BY EMEKA EJERE

Nigeria’s currency, naira is fast losing its quality as a store of value as most of the financially enlightened Nigerians now prefer to accumulate foreign currencies.

According to a research paper in a journal published by the Central Bank of Nigeria (CBN), the preference for foreign currencies is driven by Nigerians’ anxiety to protect their wealth from naira volatility and surging inflation.

“Higher real exchange rate volatility is associated with an increased level of currency substitution,” economists at the CBN, including Isaiah Ajibola, Sylvanus Udoette, Rabia Muhammad and John Anigwe said in the paper published on the apex bank’s website.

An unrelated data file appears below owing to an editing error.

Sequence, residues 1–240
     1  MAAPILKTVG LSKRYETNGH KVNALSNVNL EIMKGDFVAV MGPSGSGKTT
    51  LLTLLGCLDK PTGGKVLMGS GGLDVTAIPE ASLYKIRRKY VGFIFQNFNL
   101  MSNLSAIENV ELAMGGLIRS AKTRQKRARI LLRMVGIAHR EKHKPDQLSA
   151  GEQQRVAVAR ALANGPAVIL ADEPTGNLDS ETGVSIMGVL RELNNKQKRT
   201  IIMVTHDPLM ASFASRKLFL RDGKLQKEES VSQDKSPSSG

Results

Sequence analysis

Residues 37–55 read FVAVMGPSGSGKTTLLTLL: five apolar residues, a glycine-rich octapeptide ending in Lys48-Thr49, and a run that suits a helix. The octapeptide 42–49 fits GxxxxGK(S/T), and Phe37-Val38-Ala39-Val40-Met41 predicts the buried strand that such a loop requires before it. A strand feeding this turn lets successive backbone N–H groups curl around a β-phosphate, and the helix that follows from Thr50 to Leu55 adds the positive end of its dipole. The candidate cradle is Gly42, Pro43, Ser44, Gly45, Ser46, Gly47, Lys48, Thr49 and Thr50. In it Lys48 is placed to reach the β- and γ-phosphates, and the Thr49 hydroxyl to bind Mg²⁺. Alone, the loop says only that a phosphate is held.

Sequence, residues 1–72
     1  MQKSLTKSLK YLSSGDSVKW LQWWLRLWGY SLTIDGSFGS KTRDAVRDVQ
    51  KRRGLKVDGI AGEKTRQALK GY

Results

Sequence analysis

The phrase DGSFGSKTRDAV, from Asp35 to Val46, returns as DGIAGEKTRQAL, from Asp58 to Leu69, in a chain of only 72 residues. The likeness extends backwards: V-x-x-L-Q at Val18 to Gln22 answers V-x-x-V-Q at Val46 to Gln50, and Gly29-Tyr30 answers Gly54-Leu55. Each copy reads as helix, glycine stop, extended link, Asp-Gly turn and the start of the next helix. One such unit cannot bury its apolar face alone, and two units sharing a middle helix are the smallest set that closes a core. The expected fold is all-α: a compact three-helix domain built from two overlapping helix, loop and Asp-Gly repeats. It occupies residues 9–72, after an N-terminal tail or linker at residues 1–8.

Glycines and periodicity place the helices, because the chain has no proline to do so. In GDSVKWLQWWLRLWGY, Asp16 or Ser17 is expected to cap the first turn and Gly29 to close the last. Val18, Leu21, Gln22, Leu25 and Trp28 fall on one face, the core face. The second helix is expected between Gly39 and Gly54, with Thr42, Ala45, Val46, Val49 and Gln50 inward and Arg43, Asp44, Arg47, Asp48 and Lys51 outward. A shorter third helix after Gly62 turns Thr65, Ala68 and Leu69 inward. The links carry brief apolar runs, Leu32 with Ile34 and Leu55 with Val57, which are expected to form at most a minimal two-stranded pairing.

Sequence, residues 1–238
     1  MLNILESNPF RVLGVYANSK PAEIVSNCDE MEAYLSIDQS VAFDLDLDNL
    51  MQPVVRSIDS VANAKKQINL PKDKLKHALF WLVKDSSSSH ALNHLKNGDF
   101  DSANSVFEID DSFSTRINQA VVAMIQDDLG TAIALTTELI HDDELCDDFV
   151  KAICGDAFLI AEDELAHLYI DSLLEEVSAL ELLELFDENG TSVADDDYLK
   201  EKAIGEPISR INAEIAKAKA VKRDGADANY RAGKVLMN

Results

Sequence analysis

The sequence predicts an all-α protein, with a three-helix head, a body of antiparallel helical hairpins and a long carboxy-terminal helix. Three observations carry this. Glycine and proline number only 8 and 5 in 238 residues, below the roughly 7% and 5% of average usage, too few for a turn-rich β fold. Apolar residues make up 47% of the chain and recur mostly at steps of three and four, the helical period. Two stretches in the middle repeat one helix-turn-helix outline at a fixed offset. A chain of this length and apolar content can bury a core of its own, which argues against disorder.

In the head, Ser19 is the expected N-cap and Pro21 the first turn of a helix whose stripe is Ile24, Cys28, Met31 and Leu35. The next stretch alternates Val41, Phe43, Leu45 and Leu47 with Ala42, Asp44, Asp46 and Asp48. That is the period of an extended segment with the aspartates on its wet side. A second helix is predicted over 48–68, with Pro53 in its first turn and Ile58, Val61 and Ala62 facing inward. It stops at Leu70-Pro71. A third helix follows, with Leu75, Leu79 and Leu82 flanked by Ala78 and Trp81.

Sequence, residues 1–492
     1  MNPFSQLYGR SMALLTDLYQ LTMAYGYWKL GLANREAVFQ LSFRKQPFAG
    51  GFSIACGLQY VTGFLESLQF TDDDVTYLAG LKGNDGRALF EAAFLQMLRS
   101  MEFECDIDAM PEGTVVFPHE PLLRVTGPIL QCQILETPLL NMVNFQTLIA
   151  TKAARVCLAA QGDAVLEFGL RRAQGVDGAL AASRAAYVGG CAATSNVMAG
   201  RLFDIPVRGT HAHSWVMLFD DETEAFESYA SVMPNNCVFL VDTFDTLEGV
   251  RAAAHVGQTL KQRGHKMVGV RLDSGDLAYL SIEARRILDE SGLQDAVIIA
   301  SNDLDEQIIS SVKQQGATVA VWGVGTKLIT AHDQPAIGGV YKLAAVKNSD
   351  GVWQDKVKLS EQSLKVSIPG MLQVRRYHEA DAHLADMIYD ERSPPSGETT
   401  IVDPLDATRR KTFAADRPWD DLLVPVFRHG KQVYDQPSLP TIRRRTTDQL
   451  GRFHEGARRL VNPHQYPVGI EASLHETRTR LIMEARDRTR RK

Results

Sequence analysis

There is a need to contain “exchange rate volatility and inflation as a way of curbing the spate of currency substitution in the country,” they said.

One measure of currency substitution, the ratio of foreign cash deposits to naira deposits on demand in the banks exceeded the International Monetary Fund’s 30% threshold from 2009 following the global financial crisis, the researchers said. It hit a peak of 98.2% in 2014 before declining to 83% in 2018.

A broader measure of foreign currency in banks to naira savings, demand and term deposits, stayed largely within the IMF limit over the study period from 1995 to 2018.

The naira was devalued twice last year after a crash in the oil price triggered by the coronavirus pandemic hampered revenues. While crude contributes less than 10% to the nation’s gross domestic product (GDP), it accounts for nearly all foreign-exchange earnings and half of its government revenue.